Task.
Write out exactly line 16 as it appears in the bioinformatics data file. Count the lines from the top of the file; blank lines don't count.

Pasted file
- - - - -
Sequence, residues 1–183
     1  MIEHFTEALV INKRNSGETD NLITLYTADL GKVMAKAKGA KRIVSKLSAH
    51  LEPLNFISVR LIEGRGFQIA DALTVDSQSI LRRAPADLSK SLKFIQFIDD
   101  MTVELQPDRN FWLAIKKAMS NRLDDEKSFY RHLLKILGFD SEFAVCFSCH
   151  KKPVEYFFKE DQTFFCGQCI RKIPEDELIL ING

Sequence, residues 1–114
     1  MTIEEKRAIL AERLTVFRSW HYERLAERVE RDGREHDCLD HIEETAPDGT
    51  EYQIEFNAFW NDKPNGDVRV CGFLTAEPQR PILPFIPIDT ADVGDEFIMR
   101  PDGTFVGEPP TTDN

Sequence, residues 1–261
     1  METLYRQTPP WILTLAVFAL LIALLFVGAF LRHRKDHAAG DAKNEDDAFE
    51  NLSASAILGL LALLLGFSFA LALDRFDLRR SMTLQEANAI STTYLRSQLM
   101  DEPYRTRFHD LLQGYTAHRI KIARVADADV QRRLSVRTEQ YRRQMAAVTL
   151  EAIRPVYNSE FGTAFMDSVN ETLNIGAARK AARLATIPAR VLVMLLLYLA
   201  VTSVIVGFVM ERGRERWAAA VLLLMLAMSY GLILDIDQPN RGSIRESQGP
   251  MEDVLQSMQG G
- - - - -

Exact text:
   251  MEDVLQSMQG G